This is for my daughter, Rebecca. Sometimes shy, she seized an opportunity to speak on behalf of fourth graders at the school holiday party last week. She rehearsed until she had memorized all two paragraphs the teacher gave her, and then delivered the remarks with smiles and confidence. This…from a kid who gets speech therapy.


Pet Peeves

Aw come on. Who ate the last of the Saltines and put the empty box back in the pantry?

Why is the bread bag open when the rubber band to close it tight—the same one used to open the bag before you greedily grabbed two slices—IS RIGHT THERE? The bread is organic for god’s sakes, let’s keep it fresh for at least a few days.



When was the last time you felt good about the fact that you were wrong?

That happened to me today. Let me explain.


Religion of The Blank Canvass

If we begin with certainties, we shall end in doubts; but if we begin with doubts, and are patient in them, we shall end in certainties. -Francis Bacon

What is it about certainty and expectation that shift as we age? Think about it. We expect a level of certainty when we are young. The certainty of toys, pets, parents, homes, teachers, school. Maybe not everything at once, but for most of us, yes, we come of age trusting in the order of the world. Even if it is as simple as my son’s present philosophy: “I can’t wait until I’m twenty-one and get to be my own boss.”  Okay, at ten he’s a little misguided, but at least he has definite expectations.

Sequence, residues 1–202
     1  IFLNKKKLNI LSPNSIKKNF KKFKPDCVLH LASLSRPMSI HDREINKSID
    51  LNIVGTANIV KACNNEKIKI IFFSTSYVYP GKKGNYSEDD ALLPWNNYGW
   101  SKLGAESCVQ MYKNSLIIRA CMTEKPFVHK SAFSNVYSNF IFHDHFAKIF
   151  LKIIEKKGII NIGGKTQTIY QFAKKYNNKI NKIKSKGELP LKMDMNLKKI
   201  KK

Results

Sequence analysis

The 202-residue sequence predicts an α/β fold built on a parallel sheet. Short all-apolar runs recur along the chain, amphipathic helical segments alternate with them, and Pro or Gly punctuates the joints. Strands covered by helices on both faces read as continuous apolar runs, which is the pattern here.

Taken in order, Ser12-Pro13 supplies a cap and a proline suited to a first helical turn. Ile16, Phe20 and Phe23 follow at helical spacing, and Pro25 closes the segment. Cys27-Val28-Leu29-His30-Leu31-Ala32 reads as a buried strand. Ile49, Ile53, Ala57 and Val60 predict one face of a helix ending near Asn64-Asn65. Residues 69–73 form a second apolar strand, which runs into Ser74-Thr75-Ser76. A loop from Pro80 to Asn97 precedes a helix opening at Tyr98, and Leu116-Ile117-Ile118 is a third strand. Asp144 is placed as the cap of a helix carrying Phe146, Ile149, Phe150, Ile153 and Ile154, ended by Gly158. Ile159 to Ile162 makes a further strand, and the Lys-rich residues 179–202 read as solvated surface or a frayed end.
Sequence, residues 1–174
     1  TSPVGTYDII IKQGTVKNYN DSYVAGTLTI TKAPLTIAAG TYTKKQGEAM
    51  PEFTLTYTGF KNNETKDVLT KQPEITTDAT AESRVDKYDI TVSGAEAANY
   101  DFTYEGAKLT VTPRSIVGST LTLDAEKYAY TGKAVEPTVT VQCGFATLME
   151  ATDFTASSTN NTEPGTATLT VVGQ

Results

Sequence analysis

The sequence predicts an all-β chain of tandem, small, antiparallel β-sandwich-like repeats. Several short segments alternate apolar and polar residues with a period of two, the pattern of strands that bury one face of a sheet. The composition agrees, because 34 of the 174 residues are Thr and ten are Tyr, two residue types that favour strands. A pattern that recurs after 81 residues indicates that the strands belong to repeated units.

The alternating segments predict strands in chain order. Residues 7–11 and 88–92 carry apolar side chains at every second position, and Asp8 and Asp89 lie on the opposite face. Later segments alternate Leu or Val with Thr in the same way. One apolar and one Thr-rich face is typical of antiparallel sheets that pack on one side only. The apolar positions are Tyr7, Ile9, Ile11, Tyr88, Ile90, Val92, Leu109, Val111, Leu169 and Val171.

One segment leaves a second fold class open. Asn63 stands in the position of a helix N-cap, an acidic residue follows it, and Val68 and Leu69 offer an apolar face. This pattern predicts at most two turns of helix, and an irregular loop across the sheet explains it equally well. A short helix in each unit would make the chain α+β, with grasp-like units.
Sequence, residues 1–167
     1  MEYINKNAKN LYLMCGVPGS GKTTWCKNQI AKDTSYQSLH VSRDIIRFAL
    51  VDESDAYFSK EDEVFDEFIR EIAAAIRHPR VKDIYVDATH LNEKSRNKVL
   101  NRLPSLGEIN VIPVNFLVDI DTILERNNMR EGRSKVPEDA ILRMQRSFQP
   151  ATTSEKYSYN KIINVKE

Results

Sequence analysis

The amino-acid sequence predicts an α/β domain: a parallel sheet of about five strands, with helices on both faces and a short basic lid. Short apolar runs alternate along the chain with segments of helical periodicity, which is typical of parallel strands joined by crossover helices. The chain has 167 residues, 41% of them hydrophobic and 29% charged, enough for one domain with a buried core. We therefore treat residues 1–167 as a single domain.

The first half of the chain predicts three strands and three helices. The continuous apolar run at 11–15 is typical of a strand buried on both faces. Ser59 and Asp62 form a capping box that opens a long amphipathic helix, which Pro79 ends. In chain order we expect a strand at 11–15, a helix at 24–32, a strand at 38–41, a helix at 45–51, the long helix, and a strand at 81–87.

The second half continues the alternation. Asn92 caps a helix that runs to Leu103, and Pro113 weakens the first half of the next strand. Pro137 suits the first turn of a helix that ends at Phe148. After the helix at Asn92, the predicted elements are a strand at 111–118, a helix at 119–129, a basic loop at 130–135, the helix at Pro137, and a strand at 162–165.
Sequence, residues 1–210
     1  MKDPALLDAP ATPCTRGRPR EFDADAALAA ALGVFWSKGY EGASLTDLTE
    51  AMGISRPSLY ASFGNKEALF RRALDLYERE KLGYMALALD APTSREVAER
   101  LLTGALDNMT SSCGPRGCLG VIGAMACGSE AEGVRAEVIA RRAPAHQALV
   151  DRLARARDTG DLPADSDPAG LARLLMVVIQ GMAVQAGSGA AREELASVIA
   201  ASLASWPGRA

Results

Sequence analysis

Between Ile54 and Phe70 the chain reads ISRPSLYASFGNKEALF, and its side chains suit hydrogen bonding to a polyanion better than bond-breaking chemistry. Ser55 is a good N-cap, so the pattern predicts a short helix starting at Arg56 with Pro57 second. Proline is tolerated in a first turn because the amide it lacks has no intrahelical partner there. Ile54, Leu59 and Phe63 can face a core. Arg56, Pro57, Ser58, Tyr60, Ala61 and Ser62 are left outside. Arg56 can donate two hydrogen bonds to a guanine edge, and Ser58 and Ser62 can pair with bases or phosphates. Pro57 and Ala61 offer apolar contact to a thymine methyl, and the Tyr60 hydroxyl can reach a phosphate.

He Lives in You, He Lives in Me

These are the words that make me cry Friday night in the middle of “The Lion King.” I took the twins to see the performance at The Denver Center for Performing Arts. We might just be the only people in America who haven’t seen “The Ling King” in some iteration but there’s a reason.  Seven years after their dad died, my children are only now able to bear the story of Simba’s pain over losing his beloved father and king, Mufusa. Like Simba, Casey and Rebecca’s lives have been forever altered and frankly, they don’t like to be reminded of their loss.


Bark Is Not For Eating

Things aren’t always as they seem.  Three fresh examples:

Last weekend I had the privilege of hearing the poet and memoirist Mary Karr at my favorite writer’s group, the Lighthouse Writer’s Workshop. Karr remembered the time her son, then a young child, bottled crickets for Mother’s Day. Crickets? Yes, crickets! A perfect gift in the author’s eyes, the memory of which still allows her to access this period in her life when a paycheck literally meant food for the day and heat at night. “Try to manifest those small things that are luminous in your life,” says Karr.


Five Years Later…A New Place

Place and environment are on my mind.

Last week I was in New York City for my graduate program. Our schedule was jammed tight with publishing meetings, and then I added a few appointments and coffees to round out the experience. I ran from Monday through Wednesday afternoon, right up until the time I dropped onto the plane, still sweaty and wet from hauling my bags in the rainy downpour.